Crashed Chopper Didn’t Have Sufficient Fuel, Says Accident Bureau
The chopper crashed into residential buildings in Opebi area of Lagos on August 28, 2020. According to the AIB report, the helicopter had no fuel left in the fuel tanks after the crash.
Though the report indicated that the chopper was fitted with a long range extender fuel system, it did not have capacity for fuel jettison. Experts say the chopper could have crashed due to inadequate fuel that could not get it two minutes away to the Lagos Airport.
According to the AIB, the chopper, which took off from Port Harcourt (Rivers State capital) at 9.20 a.m, was estimated to land in Lagos after two hours and 40 minutes, but crashed into residential building at 12.14 p.m.
The report reads: “The helicopter crashed into the roof of a building and a wall fence impacting two vehicles parked in the compound. The mast and main rotor blades were found intact during the post-crash inspection. Post-occurrence examination revealed that the fuel tanks were empty.”
It also reads: “The helicopter was not equipped with a flight data recorder or a cockpit voice recorder. Neither was required by the relevant aviation regulations but equipped with a Garmic GNC Global Positioning System.”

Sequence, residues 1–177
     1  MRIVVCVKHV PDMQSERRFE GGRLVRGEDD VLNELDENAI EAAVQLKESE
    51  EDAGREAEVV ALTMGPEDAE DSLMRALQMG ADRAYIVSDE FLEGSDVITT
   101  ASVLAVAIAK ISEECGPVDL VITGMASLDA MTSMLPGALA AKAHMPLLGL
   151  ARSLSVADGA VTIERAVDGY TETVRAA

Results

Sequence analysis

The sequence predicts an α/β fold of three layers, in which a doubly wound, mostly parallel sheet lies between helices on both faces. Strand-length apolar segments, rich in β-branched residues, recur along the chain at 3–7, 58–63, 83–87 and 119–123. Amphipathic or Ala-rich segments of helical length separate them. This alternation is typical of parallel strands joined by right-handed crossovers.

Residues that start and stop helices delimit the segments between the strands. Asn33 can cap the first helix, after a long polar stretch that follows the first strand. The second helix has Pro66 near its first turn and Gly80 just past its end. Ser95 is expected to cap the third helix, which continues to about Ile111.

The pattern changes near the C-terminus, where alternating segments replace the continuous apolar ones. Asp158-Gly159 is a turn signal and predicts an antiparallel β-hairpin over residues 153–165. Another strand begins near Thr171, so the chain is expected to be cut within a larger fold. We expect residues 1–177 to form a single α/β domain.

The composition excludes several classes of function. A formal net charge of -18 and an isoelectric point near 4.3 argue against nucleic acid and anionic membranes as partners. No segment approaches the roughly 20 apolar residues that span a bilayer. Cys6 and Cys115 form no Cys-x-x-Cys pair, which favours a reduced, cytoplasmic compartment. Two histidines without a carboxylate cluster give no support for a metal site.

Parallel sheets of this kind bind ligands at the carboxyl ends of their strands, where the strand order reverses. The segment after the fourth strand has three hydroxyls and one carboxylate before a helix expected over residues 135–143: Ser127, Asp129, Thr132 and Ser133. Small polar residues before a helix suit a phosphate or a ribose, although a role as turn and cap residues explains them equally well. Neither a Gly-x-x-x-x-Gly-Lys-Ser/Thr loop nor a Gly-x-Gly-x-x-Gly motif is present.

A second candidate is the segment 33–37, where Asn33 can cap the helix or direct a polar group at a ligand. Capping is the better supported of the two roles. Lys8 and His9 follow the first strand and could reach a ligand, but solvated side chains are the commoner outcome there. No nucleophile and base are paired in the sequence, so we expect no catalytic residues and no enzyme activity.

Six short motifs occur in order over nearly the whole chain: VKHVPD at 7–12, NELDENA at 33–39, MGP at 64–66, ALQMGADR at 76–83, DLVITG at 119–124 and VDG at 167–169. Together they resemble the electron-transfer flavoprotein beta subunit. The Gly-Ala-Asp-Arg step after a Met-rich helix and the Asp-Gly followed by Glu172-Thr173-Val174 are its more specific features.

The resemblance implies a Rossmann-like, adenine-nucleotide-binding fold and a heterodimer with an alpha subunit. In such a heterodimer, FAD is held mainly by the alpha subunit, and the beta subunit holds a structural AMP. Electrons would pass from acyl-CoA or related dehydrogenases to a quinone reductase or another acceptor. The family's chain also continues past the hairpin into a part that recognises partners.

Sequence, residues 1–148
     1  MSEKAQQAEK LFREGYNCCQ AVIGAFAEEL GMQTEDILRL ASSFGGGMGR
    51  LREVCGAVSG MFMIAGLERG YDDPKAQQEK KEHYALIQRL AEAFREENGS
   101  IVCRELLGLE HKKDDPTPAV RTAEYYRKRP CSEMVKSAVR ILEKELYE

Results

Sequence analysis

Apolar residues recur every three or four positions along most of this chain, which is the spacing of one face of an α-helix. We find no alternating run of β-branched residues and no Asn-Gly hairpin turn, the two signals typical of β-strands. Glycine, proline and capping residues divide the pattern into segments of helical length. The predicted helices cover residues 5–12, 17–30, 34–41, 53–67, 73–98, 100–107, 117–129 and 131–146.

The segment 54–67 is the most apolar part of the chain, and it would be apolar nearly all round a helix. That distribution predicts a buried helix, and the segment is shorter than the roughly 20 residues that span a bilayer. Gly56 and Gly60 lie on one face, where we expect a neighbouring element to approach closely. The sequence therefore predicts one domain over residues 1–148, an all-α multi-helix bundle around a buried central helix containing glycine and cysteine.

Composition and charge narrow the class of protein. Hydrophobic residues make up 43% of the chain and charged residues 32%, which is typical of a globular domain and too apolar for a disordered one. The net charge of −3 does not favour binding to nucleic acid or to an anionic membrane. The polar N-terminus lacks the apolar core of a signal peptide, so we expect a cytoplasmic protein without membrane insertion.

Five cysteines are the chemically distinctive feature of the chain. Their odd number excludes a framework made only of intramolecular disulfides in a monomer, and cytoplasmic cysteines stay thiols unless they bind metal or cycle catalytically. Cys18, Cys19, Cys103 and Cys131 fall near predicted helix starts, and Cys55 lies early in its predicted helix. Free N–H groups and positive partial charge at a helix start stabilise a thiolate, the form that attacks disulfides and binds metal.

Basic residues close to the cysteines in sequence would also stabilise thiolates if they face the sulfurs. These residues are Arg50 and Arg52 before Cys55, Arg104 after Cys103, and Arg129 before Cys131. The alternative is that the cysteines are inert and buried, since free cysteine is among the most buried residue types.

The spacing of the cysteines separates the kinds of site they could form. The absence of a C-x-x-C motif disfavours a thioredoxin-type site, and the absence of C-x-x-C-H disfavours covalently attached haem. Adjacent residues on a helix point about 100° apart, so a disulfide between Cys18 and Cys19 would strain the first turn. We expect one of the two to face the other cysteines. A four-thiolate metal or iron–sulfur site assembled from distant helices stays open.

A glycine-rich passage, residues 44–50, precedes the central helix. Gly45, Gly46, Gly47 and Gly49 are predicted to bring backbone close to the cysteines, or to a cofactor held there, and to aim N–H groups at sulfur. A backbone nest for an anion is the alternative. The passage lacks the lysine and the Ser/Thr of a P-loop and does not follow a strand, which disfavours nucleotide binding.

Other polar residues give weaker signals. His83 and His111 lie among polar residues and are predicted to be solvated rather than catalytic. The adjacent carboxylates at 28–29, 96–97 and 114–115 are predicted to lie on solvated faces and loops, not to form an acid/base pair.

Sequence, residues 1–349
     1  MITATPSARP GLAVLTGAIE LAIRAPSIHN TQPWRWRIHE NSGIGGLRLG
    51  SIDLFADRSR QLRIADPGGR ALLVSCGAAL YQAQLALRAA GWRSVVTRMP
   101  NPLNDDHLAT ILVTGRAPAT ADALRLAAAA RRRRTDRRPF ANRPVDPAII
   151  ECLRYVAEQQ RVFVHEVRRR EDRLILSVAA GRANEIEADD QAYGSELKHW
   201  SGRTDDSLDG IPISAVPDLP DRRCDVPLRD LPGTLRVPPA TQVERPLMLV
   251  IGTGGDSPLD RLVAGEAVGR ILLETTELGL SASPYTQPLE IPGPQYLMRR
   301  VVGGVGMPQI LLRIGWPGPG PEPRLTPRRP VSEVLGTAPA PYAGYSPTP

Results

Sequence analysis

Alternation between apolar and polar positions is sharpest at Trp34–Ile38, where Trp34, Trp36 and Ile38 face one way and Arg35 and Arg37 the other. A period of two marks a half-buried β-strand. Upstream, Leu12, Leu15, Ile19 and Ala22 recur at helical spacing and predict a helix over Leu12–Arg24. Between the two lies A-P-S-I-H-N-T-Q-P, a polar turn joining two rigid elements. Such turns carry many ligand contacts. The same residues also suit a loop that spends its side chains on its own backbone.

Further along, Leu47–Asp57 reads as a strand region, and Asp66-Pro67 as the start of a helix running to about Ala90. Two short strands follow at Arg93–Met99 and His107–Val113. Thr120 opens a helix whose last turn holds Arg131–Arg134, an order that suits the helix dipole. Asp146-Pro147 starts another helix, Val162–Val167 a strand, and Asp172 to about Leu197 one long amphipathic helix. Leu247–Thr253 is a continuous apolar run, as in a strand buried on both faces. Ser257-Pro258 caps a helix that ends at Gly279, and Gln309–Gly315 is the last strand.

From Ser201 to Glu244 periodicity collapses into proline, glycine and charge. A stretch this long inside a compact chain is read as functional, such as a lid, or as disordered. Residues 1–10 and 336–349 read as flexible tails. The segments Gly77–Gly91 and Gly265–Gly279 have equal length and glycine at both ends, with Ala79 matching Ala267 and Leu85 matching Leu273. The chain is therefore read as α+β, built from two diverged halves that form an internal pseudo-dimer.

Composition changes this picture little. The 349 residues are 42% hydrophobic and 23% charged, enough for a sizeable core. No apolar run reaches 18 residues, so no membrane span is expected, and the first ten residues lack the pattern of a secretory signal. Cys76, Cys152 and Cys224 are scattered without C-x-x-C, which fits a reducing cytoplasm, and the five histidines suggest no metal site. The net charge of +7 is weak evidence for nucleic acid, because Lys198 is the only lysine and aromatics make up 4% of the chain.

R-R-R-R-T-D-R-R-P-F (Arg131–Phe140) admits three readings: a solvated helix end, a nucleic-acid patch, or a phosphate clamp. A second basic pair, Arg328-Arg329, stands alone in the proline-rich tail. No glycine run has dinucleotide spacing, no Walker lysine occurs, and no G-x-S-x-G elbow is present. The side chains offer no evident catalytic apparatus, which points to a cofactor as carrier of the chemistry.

But Managing Director and Accountable Manager of Quorum Aviation Limited, Mr. Abiola Lawal, faulted the AIB findings that the company did not apply for exemption and extension for the pilot’s proficiency licence, which expired four days before the crash.
Lawal said the company wrote a letter to NCAA’s Director General on August 18, 2020, requesting the extension and exemption of the pilot, given the challenges posed by the COVID-19.
The letter reads: “Given the challenges of the COVID-19 in organising additional crew travel and training, we hereby wish to request for the exemption/extension of our pilots, Captain Chika Prudence Ernest, Licence ATPL (H) 6245, under the above exemption granted by the DG in the above reference circular.”
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